Exercise reduces fractures in elderly
Elderly women with osteopenia should be encouraged to participate in regular daily activity to reduce their risk of fractures, researchers report.
They found that simple home-based exercises improved balance and gait in women with osteopenia and reduced the risk for fractures by 32%.
"It is a well known fact that although people know exercise is good for health, they do not have enough physical activity," said Raija Korpelainen, from Oulu Deaconess Institute in Finland.
He told GP News: "Written instruction has added weight over verbal, and general practitioners are encouraged to give exercise prescriptions during their appointments to the older patients."
Dr Korpelainen and team carried out extensive research on 160 women, aged 70-73 years, with low bone density. Of these women, 84 attended supervised balance, leg strength and impact training sessions once a week for 6 months, while the remaining 76 did not.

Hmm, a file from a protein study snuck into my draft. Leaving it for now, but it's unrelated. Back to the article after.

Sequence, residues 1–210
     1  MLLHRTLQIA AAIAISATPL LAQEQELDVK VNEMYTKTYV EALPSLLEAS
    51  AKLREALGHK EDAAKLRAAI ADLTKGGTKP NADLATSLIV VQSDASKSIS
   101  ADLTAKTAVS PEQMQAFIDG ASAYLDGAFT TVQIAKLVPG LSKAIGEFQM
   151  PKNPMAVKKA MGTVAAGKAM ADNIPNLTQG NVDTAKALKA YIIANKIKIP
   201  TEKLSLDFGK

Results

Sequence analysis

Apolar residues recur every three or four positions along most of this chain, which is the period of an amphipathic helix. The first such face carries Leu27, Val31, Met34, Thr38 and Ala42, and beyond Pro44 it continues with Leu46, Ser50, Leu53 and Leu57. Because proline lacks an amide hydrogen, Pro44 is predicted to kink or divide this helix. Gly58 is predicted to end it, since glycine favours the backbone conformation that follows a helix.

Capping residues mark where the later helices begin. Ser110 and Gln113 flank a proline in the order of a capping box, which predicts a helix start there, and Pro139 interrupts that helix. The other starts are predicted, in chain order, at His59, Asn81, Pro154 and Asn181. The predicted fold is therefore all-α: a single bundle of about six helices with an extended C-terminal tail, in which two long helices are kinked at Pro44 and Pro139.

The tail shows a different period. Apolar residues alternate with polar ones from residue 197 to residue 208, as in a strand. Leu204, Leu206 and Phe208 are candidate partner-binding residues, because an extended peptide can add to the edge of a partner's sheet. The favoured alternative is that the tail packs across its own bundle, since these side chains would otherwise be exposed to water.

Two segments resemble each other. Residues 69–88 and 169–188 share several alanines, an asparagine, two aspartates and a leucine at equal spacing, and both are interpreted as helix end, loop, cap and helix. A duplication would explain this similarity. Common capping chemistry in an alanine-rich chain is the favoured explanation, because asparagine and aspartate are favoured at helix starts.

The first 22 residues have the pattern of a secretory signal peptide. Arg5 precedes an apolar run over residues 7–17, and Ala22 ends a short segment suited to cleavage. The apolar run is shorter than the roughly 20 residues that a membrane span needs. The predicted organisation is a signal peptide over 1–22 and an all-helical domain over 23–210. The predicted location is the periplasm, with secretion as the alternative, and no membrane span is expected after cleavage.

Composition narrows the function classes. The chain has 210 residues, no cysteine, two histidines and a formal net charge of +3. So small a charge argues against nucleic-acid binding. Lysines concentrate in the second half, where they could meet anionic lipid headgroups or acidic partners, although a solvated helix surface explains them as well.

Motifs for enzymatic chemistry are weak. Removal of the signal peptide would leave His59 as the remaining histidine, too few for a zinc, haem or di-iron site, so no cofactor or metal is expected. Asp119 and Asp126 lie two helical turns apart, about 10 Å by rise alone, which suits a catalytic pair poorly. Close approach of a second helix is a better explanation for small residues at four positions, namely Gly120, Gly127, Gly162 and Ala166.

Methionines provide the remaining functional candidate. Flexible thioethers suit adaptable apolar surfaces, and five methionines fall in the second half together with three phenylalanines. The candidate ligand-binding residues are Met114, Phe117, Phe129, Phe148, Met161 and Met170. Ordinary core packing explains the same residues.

Over an average 7 years of observation, 17 of the women in the exercise programme were treated for fractures, compared with 23 of the other women. The researchers calculated the total incidence rate of fractures to be 0.05 per 1000 women per year for those exercising, compared with 0.08 per 1000 women per year for those who were not.
They also note in the Archives of Internal Medicine that, while five hip fractures occurred in women not exercising, none occurred in those participating in the exercise programme.
The researchers conclude: "Regular daily physical activity should be recommended to elderly women with osteopenia."
GP News is an independent clinical news service provided by Springer Healthcare Limited. © Springer Healthcare Ltd; 2010
By Caroline Price